Go-To Funk Saxist Maceo Parker Seems Ageless on his 16th Solo Release

Maceo Parker | Soul Food-Cooking with Maceo | (The Funk Garage/Mascot Label Group)
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The title of 1994’s documentary My First Name is Maceo says it all.

Like other musical legends/icons such as Elvis, Aretha, Prince and Madonna, anyone hearing the first name Maceo knows exactly who it is.

Maceo Parker has been the go-to funk saxist from his days taking it to the bridge as a key member of James Brown’s early outfits. But he was also a member of Parliament/Funkadelic and Prince’s band, let alone working with dozens of artists that range from Bryan Ferry to Jane’s Addiction.  Somewhat lost in his story though are the 15 albums Parker has recorded as a frontman, all worth hearing.

Nothing changes on release #16.

The forever youthful 77 year old Parker cranks out another ten sizzling selections that haul buckets of funk, along with some jazz, backed by a top flight band. His group is comprised mainly of New Orleans musicians like bassist Tony Hall and keyboardist Ivan Neville, no surprise since that city prides itself on rugged rhythms.

All but two tunes are covers. Most, like Allen Toussaint’s “Yes We Can Can,” Aretha’s “Rock Steady,” and Dr. John’s “Right Place Wrong Time” are well known to any roots American music fan. Maceo sticks to alto sax with occasional vocals (he’s a surprisingly effective singer) and no matter how often you may have heard the originals, he brings a fresh, frisky, soulful edge to everything.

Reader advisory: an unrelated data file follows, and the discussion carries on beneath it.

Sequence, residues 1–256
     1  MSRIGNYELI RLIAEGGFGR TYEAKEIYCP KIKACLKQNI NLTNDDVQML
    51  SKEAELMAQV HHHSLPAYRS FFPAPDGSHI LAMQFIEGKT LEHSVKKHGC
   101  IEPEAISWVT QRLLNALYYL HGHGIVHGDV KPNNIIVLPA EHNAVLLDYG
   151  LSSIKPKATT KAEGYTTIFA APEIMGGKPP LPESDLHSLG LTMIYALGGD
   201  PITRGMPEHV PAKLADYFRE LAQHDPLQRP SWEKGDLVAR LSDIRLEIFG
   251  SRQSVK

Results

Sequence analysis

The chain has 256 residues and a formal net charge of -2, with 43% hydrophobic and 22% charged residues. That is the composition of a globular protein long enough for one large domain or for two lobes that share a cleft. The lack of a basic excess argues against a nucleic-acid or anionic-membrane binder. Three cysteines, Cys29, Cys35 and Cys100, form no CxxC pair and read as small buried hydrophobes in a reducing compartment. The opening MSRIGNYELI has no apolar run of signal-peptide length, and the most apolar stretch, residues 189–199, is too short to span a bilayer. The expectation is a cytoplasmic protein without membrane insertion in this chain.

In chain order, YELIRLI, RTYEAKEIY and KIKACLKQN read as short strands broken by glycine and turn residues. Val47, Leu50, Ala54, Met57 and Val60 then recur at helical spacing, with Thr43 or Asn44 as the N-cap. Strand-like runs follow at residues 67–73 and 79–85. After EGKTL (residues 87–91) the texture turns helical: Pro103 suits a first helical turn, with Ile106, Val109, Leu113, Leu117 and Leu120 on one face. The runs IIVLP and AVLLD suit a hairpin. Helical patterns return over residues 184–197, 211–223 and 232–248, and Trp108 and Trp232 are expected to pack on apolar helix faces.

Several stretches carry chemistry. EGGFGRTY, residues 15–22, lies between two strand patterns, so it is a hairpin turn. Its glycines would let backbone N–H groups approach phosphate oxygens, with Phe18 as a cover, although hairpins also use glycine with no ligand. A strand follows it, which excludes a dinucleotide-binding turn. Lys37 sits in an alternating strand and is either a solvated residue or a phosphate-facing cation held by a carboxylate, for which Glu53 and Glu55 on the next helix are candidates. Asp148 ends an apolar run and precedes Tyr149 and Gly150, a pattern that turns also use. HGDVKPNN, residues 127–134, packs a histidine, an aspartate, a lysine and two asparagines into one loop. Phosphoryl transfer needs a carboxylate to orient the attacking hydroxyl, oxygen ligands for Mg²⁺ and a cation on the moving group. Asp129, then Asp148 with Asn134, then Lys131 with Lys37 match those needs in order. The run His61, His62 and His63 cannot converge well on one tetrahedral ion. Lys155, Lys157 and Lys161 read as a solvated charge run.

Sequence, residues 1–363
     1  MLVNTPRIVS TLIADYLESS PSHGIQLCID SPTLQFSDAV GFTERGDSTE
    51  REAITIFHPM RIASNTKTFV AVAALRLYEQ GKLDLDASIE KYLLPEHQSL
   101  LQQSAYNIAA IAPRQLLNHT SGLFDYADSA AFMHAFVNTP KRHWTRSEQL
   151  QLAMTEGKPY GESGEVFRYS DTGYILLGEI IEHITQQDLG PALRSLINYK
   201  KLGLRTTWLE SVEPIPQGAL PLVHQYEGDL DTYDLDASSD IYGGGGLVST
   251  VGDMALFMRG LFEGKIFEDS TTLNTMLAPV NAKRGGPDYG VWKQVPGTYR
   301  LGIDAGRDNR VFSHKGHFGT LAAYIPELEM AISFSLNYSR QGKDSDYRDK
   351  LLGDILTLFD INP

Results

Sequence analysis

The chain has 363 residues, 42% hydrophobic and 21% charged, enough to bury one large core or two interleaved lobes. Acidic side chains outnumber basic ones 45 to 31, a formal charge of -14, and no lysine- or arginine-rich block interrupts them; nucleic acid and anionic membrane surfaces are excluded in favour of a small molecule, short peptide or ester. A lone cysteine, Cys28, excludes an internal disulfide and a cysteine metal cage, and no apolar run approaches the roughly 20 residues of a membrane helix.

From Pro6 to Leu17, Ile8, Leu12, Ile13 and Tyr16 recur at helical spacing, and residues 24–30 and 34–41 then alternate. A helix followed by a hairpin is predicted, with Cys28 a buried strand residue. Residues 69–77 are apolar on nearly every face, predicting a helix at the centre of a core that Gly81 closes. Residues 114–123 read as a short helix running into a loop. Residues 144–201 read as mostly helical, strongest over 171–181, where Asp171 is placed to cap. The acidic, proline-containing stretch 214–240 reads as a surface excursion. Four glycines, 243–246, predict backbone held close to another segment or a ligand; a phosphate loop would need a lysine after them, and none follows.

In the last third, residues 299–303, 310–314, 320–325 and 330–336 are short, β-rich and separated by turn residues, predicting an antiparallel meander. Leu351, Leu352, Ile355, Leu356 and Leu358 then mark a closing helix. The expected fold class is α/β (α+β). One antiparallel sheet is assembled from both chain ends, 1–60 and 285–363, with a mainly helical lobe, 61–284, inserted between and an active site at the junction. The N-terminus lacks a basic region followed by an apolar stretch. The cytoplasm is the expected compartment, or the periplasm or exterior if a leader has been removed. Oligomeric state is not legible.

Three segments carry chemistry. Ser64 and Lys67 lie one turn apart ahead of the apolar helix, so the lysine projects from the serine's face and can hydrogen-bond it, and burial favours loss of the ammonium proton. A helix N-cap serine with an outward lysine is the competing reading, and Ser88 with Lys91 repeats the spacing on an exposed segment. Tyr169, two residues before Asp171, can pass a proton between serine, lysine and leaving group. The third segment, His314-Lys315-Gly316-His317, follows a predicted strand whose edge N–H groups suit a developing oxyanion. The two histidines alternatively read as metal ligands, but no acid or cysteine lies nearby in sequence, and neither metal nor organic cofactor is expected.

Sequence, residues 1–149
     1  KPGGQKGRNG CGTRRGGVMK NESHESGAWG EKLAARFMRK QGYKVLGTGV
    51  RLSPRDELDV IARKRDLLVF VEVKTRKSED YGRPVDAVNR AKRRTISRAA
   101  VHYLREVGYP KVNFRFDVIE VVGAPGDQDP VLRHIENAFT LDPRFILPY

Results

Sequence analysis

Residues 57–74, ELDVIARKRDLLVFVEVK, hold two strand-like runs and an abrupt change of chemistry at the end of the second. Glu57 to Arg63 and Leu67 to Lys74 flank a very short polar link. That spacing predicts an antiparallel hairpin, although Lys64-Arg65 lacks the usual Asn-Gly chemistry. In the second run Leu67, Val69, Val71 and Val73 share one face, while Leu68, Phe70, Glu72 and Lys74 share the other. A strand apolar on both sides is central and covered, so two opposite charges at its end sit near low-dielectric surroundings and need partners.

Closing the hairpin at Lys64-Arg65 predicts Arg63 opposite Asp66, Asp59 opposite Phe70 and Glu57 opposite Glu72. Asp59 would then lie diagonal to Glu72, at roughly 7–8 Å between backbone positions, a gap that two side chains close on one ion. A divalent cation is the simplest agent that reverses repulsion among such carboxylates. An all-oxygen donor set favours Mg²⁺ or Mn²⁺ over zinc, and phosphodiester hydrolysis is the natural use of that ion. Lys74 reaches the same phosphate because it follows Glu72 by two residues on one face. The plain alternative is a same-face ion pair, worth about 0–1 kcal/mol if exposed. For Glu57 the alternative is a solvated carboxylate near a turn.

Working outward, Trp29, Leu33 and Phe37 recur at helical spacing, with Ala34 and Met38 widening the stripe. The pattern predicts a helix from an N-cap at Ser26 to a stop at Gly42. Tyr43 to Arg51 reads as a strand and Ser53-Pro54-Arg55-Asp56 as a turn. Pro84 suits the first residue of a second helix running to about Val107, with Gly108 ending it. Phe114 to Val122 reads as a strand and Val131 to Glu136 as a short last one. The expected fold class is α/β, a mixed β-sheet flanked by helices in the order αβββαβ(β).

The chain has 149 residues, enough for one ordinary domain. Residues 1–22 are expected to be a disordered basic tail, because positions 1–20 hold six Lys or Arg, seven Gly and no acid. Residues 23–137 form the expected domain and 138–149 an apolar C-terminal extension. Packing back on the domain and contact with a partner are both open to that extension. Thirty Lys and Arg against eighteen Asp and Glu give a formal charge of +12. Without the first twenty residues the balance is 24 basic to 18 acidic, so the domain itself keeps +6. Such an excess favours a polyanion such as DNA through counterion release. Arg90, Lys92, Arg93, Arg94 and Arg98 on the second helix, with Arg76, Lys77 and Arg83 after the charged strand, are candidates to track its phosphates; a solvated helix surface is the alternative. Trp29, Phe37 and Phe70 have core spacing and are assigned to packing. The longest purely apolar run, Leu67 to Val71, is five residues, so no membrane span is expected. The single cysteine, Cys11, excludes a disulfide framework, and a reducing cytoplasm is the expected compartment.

While the two originals such as the opening “Cross the Track” and “M A C E O” can’t compete with classics like the Meters’ “Just Kissed My Baby” or the jazz/soul standard “Compared to What,” they slot in nicely with the rest of the more popular fare, serving to balance the set list. Maceo mixes sweet yet edgy soul with the Crusaders styled “Hard Times” and gets sexed up on the bluesy Prince rarity “The Other Side of the Pillow,” an obscure cover and the track most radically altered from Prince’s acoustic original. A smooth version of the oldie “Grazing in the Grass” closes this tasty program on a lower boil with Parker and pianist Neville grooving easy over the simmering melody.

At this late stage, Maceo Parker has nothing left to prove but shows he still rules the funk scene with 50 minutes guaranteed to put a smile on your face, even in the midst of a pandemic.


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